Some people might think we were crazy. Others might say we were foolish. But to us the next logical step was to buy a house, one that needed a little work, a little love.
We’d just gotten engaged a week prior when we found the house of our dreams: a 50-year-old foreclosure that, according to my personal standards, was barely inhabitable.
Note the weeds, dead grass and complete lack of curb appeal.
We fell in love instantly. I mean, what wasn’t to love? It had hardwood floors that had been painted brown, a heater that couldn’t be used, kitchen cabinets with holes in the bottom, so if items weren’t placed correctly they would fall through onto the counter tops. There was even an “addition” on the back for more space.
The icky bathroom, with cracked tiles, filth everywhere and broken fixtures.
The kitchen cabinets were made from scrap two by fours and plywood. The doors didn’t line up, were falling off and just nasty.
This was the master bedroom. First, you can see the floors were painted brown. Second, you can see that a bed was in the room when the floors were painted. I totally get why this happened. I understand. When I dust or vacuum, I just work around things. Moving them is way too much work. And nothing says relaxation and romance like walls painted Kermit the Frog green.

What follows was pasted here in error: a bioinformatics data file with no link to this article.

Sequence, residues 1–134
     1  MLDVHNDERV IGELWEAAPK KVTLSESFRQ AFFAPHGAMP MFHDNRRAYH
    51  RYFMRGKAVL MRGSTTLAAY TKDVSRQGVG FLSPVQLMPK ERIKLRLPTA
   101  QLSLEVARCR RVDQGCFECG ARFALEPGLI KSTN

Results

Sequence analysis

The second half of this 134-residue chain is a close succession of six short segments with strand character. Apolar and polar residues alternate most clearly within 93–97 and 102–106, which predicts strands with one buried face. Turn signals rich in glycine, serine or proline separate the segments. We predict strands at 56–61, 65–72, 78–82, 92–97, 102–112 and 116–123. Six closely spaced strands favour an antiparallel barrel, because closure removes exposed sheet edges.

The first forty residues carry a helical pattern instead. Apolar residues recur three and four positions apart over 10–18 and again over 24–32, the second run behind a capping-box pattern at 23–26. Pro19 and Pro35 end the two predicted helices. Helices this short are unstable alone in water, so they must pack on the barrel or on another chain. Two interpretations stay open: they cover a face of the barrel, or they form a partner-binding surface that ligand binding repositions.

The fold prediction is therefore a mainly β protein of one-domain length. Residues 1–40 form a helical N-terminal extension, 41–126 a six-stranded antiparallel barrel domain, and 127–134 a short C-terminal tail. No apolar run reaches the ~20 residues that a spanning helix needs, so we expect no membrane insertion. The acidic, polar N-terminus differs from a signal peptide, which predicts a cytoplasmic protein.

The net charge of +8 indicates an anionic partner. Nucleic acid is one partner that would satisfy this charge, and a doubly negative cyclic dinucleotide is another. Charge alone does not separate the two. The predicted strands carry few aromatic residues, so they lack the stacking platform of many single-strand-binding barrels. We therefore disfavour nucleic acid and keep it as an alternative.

This was the addition. The back porch was framed in and “windows” had been installed.
An inside view of the addition. To make it seem more, well, like a part of the house, carpet was added and the brick wall was painted white.
First we disinfected the house from floor to ceiling because, as my fictional vampire Libby would say, “It was just like ew! You know.”
Then, with the wisdom that comes with never doing something like this before, we allotted ourselves two weeks to work on the house before we had to relinquish my lovely, up to date, and heated condo. I bring up heated because the gas company wouldn’t turn our heat on because the furnace was unsafe. We lived without heat for about a week. I had to buy a space heater and spent each night under a mound of blankets. As most of you know. I am cold… all the time. This didn’t help.
My husband started on the bathroom, gutting it to the studs. He worked pretty quickly, but there were still frequent visits to fast food restaurants for bathroom breaks.
Nothing like showing up after a long day of work and finding your only bathroom looking like this.
I might have had a moment of fear here. Or denial. He’s got this under control. I’m sure. I’m just going to go stand in the living room and try not to touch anything.
Where the toilet goes.
The new toilet and floors.
And one of the nice things about installing your own toilet is you can do this the next time your tube of toothpaste is accidentally flushed:
This was my fault. Don’t ask how it happened.
Our next step was to rent a giant dumpster and begin the demolition phase of the remodel. My mom and I ripped out baseboards and doors. We even took a sledge hammer to the “addition” in the back.
Ripping out baseboards in the very yellow living room/dining room.